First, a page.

Madrassas, along with other subjects, provide theological components in their syllabi, which will be removed after they’re turned into regular schools. This decision could lead to parents pulling their daughters out of school.

Being a woman presents many social challenges, but being a woman from a marginalised group presents extra obstacles. For Muslim women, their dual identities make it even more difficult for them to attain an education. If it’s not their families, the constant fear of Islamophobic bullying and violence pushes them out of school.

However, these trends have seen changes over the decades. Muslim enrollment in higher education has been increasing, from 5.3% in 2000 to 13.8% in 2010.

Between the years 2013–18, Muslim enrollment has increased by 37%. In the same period, female Muslim enrollment increased by 46%. According to the report, 49% of Muslims enrolled in higher education are women.

According to data provided in Lok Sabha in 2016, among India’s minorities, the literacy rate of Muslims showed the biggest increase (9.4%).

Affirmative action can be used to increase the participation of Muslim students further. A big divide is seen between North and South Indian Muslims with respect to education. Due to access to various scholarships, Muslim participation in higher education in South India was much higher. The proportion of Muslim students using scholarships in South India was seven times more than in North India.

muslim girl
Representative Image. (Source: pxfuel)

Across India, half of the Muslim children who complete middle school drop out during secondary school, according to the Sachar Committee. The dropout ratio of Muslims relative to other groups is the highest in rural areas at 2.04. It is even worse in urban areas, with a ratio of 2.49.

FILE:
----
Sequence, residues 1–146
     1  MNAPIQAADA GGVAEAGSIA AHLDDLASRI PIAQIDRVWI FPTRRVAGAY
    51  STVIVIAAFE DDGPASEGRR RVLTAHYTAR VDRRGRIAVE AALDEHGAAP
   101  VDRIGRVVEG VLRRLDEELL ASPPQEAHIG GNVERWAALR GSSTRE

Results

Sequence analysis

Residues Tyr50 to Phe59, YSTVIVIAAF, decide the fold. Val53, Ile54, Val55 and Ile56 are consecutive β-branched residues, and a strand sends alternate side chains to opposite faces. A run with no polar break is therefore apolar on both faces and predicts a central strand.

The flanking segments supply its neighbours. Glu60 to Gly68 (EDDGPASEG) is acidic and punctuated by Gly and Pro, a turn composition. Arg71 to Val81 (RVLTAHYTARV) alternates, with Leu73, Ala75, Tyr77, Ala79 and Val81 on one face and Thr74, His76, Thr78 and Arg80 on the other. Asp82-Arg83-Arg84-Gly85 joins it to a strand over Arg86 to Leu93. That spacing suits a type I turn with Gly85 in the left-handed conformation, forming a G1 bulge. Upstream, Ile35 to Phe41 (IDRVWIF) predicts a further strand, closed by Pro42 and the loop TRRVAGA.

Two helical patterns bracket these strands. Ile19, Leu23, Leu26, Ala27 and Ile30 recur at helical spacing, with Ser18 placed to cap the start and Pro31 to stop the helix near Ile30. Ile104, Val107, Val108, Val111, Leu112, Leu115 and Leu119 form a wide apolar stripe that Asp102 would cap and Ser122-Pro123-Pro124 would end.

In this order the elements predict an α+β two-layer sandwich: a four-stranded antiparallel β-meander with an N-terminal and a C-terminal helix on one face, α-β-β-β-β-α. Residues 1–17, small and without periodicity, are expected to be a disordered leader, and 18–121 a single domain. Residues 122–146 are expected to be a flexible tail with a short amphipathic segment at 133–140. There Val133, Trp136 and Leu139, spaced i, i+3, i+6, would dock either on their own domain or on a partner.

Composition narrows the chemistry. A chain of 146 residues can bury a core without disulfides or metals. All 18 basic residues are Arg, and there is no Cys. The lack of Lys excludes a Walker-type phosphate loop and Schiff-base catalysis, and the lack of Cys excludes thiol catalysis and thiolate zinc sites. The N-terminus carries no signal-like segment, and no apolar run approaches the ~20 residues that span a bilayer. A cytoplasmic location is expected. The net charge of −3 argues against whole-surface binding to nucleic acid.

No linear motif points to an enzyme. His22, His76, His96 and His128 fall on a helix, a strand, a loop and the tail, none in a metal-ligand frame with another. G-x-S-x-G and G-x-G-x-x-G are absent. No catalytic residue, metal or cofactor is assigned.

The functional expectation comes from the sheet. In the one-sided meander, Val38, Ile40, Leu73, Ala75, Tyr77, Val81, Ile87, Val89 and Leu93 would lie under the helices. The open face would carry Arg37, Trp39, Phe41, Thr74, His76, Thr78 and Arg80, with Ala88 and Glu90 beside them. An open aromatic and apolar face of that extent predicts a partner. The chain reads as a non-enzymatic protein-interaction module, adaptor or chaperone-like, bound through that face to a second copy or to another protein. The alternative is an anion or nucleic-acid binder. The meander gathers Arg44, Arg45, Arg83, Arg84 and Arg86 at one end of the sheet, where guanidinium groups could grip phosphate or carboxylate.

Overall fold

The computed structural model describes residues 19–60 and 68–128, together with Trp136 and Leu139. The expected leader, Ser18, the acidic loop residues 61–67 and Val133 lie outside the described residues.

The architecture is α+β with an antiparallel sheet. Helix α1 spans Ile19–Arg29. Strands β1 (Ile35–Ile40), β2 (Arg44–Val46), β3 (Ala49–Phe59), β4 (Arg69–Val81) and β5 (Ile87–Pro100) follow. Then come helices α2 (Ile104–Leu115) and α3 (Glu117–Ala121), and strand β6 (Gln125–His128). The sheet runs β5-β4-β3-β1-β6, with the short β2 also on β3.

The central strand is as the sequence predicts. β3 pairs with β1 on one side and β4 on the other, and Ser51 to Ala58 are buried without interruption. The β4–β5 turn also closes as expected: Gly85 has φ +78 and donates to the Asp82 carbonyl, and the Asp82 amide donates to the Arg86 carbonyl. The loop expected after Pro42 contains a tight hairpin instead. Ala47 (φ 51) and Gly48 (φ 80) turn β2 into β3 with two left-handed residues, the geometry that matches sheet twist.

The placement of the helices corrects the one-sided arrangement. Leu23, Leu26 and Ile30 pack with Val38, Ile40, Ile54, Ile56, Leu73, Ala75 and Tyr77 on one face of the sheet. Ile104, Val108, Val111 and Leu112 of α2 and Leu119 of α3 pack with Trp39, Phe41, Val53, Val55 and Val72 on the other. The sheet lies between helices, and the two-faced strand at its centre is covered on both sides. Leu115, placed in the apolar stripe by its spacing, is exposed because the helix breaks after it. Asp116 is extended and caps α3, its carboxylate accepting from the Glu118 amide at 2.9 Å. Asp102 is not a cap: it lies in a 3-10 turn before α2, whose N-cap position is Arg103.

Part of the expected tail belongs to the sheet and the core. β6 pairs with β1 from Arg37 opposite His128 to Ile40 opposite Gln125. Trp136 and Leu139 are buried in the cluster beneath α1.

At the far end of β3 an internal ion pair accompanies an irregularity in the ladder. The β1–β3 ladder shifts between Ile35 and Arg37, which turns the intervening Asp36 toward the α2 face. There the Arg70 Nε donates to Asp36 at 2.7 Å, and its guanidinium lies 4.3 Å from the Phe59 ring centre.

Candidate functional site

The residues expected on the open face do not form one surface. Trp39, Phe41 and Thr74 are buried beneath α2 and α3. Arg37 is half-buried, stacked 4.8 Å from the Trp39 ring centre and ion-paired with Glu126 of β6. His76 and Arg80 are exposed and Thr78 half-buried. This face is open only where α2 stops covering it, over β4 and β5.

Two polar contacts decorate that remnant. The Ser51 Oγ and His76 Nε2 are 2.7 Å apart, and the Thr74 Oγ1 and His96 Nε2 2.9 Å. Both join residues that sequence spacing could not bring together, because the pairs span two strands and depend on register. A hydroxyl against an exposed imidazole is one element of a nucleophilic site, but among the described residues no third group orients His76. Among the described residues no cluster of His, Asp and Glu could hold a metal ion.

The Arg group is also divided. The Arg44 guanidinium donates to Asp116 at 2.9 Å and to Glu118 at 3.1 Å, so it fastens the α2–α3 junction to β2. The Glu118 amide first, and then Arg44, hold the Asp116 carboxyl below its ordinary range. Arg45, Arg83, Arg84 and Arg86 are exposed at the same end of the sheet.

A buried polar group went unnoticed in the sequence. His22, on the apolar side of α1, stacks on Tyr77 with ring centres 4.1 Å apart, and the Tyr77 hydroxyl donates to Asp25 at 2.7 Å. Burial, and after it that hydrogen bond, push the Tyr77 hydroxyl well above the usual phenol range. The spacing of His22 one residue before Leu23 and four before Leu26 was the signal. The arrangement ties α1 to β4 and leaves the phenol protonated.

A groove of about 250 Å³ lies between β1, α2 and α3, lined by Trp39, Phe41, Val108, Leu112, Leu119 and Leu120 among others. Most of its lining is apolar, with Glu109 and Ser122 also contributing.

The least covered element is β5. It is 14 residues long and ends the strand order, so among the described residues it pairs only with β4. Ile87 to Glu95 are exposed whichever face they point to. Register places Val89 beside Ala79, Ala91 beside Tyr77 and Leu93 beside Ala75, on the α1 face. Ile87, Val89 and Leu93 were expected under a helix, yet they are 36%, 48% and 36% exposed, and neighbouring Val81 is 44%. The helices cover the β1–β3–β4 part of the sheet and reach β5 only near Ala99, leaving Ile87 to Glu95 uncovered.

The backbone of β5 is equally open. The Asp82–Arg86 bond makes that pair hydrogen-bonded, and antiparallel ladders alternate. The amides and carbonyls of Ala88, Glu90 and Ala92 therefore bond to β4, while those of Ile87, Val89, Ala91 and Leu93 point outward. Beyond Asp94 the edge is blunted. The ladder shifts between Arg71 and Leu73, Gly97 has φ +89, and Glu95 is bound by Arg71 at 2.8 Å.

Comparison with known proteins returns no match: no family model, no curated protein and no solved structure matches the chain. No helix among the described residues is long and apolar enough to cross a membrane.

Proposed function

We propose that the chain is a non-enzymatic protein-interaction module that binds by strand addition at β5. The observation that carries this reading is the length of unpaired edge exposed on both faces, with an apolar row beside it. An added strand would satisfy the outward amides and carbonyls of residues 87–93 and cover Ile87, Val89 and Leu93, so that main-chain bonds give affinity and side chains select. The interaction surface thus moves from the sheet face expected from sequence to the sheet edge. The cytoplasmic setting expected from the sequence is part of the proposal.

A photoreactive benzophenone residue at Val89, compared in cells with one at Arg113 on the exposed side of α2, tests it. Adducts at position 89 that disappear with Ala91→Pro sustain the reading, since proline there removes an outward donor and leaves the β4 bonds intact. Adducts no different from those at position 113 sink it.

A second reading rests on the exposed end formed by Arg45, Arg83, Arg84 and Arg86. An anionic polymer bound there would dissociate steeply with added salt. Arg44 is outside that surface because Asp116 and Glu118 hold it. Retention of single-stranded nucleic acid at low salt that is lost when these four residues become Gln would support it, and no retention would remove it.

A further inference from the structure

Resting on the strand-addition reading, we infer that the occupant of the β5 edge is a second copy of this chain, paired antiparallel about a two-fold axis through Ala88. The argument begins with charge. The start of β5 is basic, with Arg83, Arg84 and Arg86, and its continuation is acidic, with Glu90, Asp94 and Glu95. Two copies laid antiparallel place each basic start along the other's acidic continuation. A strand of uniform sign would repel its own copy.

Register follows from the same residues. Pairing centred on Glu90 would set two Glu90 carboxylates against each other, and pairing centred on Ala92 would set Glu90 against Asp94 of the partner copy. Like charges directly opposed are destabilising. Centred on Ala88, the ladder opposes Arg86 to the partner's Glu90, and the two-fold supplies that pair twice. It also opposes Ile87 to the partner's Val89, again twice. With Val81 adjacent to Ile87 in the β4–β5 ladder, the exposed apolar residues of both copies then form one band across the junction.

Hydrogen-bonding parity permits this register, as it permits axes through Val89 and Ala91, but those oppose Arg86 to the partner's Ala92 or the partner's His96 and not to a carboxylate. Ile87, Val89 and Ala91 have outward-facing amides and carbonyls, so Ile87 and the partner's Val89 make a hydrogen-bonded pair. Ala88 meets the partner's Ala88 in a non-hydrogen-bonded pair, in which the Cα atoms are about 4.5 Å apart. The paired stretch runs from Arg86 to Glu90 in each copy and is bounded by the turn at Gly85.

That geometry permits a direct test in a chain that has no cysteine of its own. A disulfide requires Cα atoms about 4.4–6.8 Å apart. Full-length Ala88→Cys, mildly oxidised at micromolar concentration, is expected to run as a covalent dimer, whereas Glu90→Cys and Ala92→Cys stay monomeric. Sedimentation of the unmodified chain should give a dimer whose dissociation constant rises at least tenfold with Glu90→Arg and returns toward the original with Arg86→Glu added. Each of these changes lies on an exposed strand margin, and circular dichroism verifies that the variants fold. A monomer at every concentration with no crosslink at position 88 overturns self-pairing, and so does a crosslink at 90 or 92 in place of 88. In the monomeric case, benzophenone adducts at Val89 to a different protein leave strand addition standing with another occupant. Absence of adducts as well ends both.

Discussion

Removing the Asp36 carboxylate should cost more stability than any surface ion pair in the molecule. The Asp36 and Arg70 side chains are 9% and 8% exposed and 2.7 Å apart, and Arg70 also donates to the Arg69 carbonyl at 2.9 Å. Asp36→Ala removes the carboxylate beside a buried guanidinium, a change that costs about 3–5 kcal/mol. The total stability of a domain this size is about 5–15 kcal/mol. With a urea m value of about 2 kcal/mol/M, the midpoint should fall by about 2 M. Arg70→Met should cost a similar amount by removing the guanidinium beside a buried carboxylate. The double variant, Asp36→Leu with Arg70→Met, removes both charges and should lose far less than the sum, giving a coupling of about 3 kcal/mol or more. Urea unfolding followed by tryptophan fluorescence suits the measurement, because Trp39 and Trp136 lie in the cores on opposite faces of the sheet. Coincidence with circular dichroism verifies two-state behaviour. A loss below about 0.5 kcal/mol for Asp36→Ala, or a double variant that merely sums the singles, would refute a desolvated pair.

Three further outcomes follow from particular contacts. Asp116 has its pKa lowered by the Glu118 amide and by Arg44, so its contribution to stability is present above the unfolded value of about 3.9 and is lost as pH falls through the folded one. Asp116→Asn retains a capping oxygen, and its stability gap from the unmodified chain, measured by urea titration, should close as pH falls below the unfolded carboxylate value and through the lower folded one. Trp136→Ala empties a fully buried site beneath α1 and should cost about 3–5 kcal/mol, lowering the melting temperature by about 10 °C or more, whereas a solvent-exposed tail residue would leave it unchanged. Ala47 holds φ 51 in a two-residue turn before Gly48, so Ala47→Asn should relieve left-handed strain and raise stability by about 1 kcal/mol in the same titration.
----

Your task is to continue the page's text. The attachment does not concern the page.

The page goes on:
A study by two IIT-Kharagpur researchers found that gender disparity in the Muslim community grows narrower with higher levels of education, as Muslim girls are less likely to drop out at the higher secondary level than Muslim boys.

With the shift to online classes, the digital divide has further hampered education for children from marginalised communities. Access to the internet and compatible devices makes it difficult for many to continue their education.

Data from the National Sample Survey (NSS) conducted in 2017-18 on Household Social Consumption on Education in India shows that only 3.58% of Muslims owned a computing device in rural areas. Muslims and SCs, with only 12.7% owning a computing device, are the worst-off groups in urban areas.

According to The Mobile Gender Gap Report 2020, only half of the women in India use mobile internet compared to men. This disproportionate access will further hit Muslim girls’ education more severely. As has been the trend, it is predominantly girls in underprivileged/marginalised families who have been denied access to online resources.

While there has been a steady improvement in female Muslim participation in education over the years, the pandemic has brought in a period of uncertainty for everyone and has severely hit any progress that was made previously.